Coyotes are not only abundant in Missouri; they're probably the most widely distributed predator in North America.

Although, many Missourians’ relationship with coyotes could hardly be called a love affair, the animal has earned a certain amount of universal respect.

Despite generations of year-round hunting, trapping and – in previous generations – poisoning; these animals are probably more abundant and have a wider range now than they’ve ever had. Many landowners, particularly those with livestock or poultry, don’t rate modern coyote abundance as a wildlife success story but, underneath all that grudge, it’s hard not to have at least a minimal amount of respect for an animal whose ability for adaptation has few equals in the wildlife world.

Coyotes (Canis latrans) are close relatives of wolves and domestic dogs. Coyotes are not only abundant in Missouri; they’re probably the most widely distributed predator in North America. Their range extends from coast to coast and from Alaska to deep into Central America. The coyote is one of the few mammals whose range seems to be increasing despite a multitude of human impacts on its habitat.

One reason it is that theorized coyotes are flourishing is the disappearance of wolves in many areas of the country and a decline in red fox numbers have opened up more territory. An equal (if not bigger) key to this animal’s success is its amazing skill to adapt. Unlike most other animals, coyotes have been known to change their breeding cycles, dietary habits and social dynamics in order to adjust to living in an area. That type of biological flexibility, combined with efficient hunting skills, a varied diet and highly developed senses of hearing, vision and smell make for an animal that can cope and succeed in a changing environment.

You won’t find a definitive ruling on how to pronounce this animal’s name, but the version that’s truest to its history is probably KI-O-TEE. That pronunciation is derived from the Aztec word “coyotl,” which became an animal name the Spanish pronounced KI-O-TEE. The KI-OTE (silent “e”) pronunciation is a corrupted form.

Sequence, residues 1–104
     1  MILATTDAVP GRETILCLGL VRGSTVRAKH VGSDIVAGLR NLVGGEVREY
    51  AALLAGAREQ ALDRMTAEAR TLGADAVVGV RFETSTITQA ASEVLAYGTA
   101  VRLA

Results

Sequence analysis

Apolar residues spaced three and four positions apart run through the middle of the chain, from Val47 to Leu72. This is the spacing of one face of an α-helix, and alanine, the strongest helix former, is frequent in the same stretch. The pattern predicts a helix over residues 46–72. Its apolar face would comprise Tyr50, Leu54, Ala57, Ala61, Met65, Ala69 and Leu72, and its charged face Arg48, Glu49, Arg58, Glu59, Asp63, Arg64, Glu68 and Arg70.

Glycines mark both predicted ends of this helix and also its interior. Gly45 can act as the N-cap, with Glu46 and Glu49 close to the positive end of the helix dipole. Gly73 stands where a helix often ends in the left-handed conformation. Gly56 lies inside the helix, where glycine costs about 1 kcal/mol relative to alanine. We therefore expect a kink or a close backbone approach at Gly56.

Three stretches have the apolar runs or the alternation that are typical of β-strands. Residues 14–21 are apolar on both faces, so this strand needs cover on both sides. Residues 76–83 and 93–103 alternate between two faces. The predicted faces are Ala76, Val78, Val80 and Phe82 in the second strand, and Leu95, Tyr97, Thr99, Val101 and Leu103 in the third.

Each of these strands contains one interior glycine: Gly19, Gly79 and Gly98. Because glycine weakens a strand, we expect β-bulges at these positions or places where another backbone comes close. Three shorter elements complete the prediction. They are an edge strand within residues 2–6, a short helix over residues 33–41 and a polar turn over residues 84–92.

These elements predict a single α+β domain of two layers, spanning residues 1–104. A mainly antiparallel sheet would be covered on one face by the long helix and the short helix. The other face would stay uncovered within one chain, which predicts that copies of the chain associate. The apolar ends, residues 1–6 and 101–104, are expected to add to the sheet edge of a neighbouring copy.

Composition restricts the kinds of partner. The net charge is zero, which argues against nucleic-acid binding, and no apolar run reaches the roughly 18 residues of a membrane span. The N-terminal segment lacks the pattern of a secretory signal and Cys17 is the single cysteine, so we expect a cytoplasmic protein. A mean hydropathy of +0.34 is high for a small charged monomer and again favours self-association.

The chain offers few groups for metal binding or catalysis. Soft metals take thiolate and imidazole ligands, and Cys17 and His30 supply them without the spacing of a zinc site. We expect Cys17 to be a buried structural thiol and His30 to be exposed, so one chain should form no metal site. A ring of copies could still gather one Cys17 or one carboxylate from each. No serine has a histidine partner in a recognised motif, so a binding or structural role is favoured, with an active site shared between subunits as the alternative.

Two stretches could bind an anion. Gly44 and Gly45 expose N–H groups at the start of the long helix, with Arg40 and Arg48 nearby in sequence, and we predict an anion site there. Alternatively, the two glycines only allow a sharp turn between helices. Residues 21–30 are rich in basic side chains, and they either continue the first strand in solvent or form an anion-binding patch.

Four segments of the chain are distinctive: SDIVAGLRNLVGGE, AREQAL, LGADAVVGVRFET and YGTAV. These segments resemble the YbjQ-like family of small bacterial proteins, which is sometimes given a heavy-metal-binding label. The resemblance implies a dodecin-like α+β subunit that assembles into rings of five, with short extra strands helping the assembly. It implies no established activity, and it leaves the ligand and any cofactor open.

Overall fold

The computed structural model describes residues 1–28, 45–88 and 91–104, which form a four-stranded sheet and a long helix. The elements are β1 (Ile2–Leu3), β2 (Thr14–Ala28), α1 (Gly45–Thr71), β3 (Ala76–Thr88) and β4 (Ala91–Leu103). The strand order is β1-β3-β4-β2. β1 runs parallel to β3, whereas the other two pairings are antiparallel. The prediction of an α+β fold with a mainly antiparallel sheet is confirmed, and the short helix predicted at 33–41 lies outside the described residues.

In this part of the state, coyotes live in a variety of habitats. Brushy country, along the edge of timber and open farmlands are favored homes, but they can show up in virtually any setting – including urban areas. Except for the breeding season, coyotes have no true home site and merely sleep on the ground in a protected spot. Coyotes can run up to 45 mph and are good swimmers. They also have good stamina and, if conditions allow, they often simply run their prey to exhaustion before pouncing.

Coyotes can be seen throughout the year, but sightings tend to increase in winter for a couple of reasons. One is that January and February is their mating season so they are more active. Also, winters that feature heavy snow and ice cover are times when pickings become slimmer for coyotes and their hunger makes them become bolder in their searches for food.

Studies show that rabbits, small mammals, reptiles, carrion and plant matter (fruits, seeds, etc.) make up much of a coyote’s annual diet. However, they are opportunistic predators so calves, lambs, young horses and poultry are also occasional food items.

When coyotes begin to cause problems, there are solutions. In Missouri, coyotes can be taken by hunting or trapping methods and pelts may be possessed, transported and sold. (There are exceptions that apply to spring turkey season. See Wildlife Code of Missouri for details).

Information about coyotes or about controlling coyote problems on your land can be found at